Hudson -- The focus of many projects since the flood of 2003 when two men drowned in an underground garage have centered on water, sanitary sewers and storm water in the city, but it could focus on individuals who don't correct inflow and infiltration problems.
"Ten years ago, we [Council] tried to explain the floods and our plan," said Council member Hal DeSaussure. "It was a painful exercise."
Hudson has treated storm water seriously, DeSaussure said. Council put a plan in place and carried it out.
Frank Comeriato, director of the Public Works Department, told Council Sept. 10 that today "the city is faring well with heavy rains. Our efforts have paid off."
In the past residents have been asked to make corrections to inflow and infiltration violations such as connecting storm water drains into the sanitary sewer system, but Council members will look at a way to enforce the corrections.
Comeriato said the water utility rates are average but the sewer rates remain on the high side for Hudson customers. Part of the problem is clean storm water entering the sanitary sewer system.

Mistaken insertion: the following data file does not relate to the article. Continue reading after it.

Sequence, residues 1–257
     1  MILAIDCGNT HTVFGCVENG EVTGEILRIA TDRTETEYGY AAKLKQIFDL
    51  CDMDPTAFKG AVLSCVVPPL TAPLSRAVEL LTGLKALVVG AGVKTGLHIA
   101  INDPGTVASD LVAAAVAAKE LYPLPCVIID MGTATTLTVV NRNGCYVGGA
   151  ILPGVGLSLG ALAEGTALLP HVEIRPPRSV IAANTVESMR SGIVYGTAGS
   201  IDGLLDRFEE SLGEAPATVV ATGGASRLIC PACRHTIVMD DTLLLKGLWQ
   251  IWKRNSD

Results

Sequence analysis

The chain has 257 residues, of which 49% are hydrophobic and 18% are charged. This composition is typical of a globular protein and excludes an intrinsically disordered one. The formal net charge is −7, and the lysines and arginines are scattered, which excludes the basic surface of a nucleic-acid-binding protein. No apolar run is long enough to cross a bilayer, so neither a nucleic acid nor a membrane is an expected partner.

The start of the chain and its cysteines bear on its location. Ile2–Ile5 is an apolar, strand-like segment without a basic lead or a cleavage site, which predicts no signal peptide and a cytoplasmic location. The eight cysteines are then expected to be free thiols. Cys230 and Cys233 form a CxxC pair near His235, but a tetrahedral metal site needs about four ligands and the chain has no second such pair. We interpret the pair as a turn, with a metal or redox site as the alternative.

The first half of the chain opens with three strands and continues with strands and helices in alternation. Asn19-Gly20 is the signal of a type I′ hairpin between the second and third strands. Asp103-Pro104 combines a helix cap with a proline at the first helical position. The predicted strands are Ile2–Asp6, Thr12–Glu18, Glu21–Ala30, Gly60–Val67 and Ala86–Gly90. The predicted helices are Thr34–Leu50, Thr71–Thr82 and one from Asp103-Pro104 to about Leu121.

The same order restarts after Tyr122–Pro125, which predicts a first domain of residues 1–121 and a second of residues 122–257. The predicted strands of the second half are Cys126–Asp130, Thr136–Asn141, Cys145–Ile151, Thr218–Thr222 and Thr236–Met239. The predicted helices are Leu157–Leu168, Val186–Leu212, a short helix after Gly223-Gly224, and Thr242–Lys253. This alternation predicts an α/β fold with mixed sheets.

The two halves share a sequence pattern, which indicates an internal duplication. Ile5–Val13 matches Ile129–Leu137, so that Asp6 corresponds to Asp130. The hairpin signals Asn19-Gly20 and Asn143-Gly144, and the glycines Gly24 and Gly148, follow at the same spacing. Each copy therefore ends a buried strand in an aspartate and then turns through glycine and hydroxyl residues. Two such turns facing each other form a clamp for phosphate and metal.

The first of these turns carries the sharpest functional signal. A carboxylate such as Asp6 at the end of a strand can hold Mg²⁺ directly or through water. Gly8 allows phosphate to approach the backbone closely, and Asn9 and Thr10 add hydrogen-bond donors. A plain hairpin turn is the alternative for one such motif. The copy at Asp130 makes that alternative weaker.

"Residents ask, 'what if I don't do this?'" Comeriato told Council members. "Some fix it, and some don't."
Council members agreed something is needed to enforce compliance.
"It's time for I & I enforcement," said Council member Dan Williams. "There is no question it costs us [city] a significant amount of money to treat clean water."
Council member William Wooldredge wanted more information on how much the department has spent to fix the storm water/wastewater problem so far.
Comeriato suggested waiting until October when the sanitary sewer model will be completed to discuss the issues, costs and a reasonable enforcement.
"With the model, we'll know the results of certain projects," said City Manager Anthony Bales.
The model will guide us for the next 10 years, Bales said.
Long-term plans include maintenance at the highest level for system effectiveness and efficiency; use of technologies like mapping to analyze operations; and determine upgrades and additions for potential growth.
The city is looking at collaboration efforts, both internally with other departments like engineering and externally by joint purchases of equipment with other communities, Comeriato said.
Facebook: Laura Freeman, Record Publishing